Dan’s Ban On Plastic Bags Doesn’t Carry Any Weight

Dan’s Ban On Plastic Bags Doesn’t Carry Any Weight

Share:Print this pageEmail to someoneShare on FacebookTweet about this on TwitterGoogle+Share on LinkedInPin on Pinterest

When Woolworths and Coles announced in July that they were phasing out the use of plastic shopping bags, it was only a matter of time before our politicians got in on the act.

So it was no surprise when the Andrews Government announced a statewide ban on so-called “single use” plastic bags.

Sadly, the State Opposition is supporting the ban. In fact, their only complaint seems to be that Daniel Andrews hasn’t done away with plastic bags already.

There are a number of problems with this addition to Victoria’s jungle of red tape. For one thing, it’s insultingly paternalistic — based on the idea that ordinary people are too stupid and irresponsible to make good consumer choices without government encouragement. But more to the point, experience elsewhere shows bans on plastic bags have no actual environmental benefit, despite the obvious inconvenience to consumers.

For instance, in the ACT — which has been “plastic-free” since 2011 — the prohibited “single-use” bags are defined as “lightweight polyethylene plastic bags (of less than 35 microns)”, even if such bags are biodegradable. But the government does allow “heavier reusable plastic bags” which are “made of thicker plastic”.

So, bizarrely, thin plastic bags are out, but thicker ones are fine.

The idea is that shoppers will be more inclined to reuse bags if they’re made of thicker plastic.

But, as the ACT’s Department of Environment says on its website, the bags “only have a better environmental outcome than single-use shopping bags if reused at least four times, so remember to take them with you when shopping”.

Sage advice. Except most people aren’t in the habit of carrying shopping bags on them at all times. Yes, some people may end up saving a handful of bags for their big weekly shop. But most won’t. Some people will forget. Others will have to buy a new bag or two when, for example, they stop by the supermarket to grab a few items on the way home from work.

Then there will be many others who just can’t be bothered washing out, storing and carrying around old bags.

That’s why plastic bag bans are such a lousy idea: They don’t actually change consumer behaviour all that much.

Ireland, for example, recently jacked up the minimum cost of its bags from 15 to 22 cents because shoppers were so used to the surcharge that the number of plastic bags used there quickly rose to pre-ban levels.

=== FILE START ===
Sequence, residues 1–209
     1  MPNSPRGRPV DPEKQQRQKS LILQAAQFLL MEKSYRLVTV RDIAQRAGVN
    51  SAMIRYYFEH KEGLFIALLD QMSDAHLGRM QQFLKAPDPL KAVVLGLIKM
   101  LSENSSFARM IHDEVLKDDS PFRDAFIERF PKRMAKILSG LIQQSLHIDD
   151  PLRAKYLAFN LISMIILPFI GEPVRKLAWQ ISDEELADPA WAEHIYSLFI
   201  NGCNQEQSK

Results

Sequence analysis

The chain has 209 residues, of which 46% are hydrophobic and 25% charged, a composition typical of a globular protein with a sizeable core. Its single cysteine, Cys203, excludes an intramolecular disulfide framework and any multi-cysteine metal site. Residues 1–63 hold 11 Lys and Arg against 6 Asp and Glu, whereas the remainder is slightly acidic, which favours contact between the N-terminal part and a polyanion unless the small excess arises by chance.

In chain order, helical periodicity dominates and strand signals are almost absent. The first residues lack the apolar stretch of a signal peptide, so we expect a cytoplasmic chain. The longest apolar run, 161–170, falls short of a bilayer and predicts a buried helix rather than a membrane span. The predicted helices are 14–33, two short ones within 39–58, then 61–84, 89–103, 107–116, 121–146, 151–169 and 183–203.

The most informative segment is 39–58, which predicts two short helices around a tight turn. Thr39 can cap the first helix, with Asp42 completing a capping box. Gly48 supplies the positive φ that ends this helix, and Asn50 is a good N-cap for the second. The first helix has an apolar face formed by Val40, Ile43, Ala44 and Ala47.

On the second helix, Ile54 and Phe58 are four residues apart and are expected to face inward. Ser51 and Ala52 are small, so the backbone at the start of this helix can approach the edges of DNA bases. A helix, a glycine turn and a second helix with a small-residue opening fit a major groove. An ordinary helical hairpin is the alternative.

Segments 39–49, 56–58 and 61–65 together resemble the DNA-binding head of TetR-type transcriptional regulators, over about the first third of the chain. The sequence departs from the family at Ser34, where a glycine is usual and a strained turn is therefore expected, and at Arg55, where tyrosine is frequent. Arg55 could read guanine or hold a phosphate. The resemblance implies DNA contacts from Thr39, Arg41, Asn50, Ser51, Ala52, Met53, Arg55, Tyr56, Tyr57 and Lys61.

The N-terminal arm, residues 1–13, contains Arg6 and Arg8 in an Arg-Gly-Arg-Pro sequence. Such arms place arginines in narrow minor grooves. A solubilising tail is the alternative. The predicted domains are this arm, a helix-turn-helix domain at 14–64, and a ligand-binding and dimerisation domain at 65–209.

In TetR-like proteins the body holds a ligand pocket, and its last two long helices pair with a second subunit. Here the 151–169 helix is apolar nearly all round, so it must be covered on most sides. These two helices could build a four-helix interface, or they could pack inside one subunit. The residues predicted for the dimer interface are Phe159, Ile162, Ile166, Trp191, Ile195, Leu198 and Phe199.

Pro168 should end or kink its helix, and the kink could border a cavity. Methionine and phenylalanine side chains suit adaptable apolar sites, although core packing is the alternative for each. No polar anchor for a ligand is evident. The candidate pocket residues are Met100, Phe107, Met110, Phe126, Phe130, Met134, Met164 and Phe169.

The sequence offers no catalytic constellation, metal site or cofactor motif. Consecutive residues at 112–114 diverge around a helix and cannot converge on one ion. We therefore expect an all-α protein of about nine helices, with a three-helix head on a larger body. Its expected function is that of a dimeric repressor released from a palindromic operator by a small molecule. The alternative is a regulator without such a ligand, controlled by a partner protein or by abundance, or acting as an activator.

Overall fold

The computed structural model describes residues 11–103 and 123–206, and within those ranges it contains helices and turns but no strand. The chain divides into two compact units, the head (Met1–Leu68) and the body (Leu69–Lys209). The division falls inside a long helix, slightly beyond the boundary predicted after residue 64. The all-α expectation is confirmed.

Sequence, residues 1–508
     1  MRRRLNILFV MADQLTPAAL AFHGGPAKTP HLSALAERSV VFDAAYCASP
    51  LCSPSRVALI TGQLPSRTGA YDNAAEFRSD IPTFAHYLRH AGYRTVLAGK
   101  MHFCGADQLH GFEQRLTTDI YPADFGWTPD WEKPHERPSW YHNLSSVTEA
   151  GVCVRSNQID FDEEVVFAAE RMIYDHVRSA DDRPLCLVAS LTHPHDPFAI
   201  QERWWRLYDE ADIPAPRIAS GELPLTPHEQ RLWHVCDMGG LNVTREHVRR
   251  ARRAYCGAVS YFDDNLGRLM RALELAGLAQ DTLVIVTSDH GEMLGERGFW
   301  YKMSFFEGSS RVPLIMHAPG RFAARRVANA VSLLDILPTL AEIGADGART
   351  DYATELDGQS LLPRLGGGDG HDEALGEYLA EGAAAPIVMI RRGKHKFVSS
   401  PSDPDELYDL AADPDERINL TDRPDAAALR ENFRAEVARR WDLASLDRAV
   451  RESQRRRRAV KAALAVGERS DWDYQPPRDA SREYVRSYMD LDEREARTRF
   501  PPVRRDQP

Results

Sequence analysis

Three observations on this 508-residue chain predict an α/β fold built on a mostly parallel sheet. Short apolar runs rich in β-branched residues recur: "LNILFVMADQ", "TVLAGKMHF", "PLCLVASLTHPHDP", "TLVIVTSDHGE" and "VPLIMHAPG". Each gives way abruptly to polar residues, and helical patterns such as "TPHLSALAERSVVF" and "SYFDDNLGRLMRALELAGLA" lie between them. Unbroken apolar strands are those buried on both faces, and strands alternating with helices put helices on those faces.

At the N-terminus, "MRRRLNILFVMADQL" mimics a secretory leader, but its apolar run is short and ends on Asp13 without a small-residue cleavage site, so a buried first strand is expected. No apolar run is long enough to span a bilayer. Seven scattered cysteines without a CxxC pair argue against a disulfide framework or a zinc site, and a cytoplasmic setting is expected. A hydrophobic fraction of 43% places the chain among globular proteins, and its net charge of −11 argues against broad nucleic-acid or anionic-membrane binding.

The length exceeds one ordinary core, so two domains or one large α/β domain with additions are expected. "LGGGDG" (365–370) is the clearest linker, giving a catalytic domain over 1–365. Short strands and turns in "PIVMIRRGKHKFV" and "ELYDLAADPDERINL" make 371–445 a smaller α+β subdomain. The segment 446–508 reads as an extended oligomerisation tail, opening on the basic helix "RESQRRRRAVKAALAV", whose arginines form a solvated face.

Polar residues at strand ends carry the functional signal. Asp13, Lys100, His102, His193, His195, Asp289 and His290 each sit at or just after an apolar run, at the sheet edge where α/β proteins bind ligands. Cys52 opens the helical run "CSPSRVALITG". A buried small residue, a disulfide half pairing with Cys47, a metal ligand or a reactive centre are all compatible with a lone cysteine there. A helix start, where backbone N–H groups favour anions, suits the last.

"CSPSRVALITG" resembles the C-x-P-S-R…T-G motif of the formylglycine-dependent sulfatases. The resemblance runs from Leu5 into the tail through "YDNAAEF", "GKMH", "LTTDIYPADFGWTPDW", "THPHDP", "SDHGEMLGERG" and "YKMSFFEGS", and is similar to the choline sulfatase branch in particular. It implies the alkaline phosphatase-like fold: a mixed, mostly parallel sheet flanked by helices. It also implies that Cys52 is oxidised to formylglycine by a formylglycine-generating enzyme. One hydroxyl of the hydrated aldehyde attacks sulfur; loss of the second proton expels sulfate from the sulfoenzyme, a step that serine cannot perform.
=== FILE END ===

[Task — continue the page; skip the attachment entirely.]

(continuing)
Even green groups in Australia have conceded that bans on plastic bags don’t discourage their use. Only a few months ago, the Keep Australia Beautiful Council revealed that plastic bag litter had actually increased in the Northern Territory since a ban there was introduced in 2011.

If anything, bans on thinner plastic bags are actually more harmful for the environment. Because so few people reuse the thicker purchased bags, a greater amount of plastic ends up going to the landfill. In terms of weight and volume, people end up using more plastic, not less.

Consumers also tend to switch to products which take longer to decompose — as was the experience in South Australia, where the sale of thick green bin liners soared after their ban on shopping bags was introduced.

But that shouldn’t be surprising to the majority of people who’ve used old shopping bags to line bins, pick up animal droppings or carry dirty laundry. There really is no such thing as a “single-use” plastic bag. They can be — and are — reused already. All bans do is push consumers on to substitutes that are often worse.

Of course, these substitutes will be available for sale at Woolworths and Coles. The going rate for a “reusable” shopping bag, for instance, will be about 15 cents.

It’s estimated that the financial benefit of charging for something that they used to give away for free will run into the hundreds of millions.

Maybe that’s why the major retailers are applauding the loudest for the ban, even though both the environment and the consumer will be poorer for it.

(Originally published 03/10/17)

(Image: The Herald Sun, 26/10/17)

If you've enjoyed reading this article from the Institute of Public Affairs, please consider supporting us by becoming a member or making a donation. It is with your support that we are securing freedom for the future.
JOIN DONATE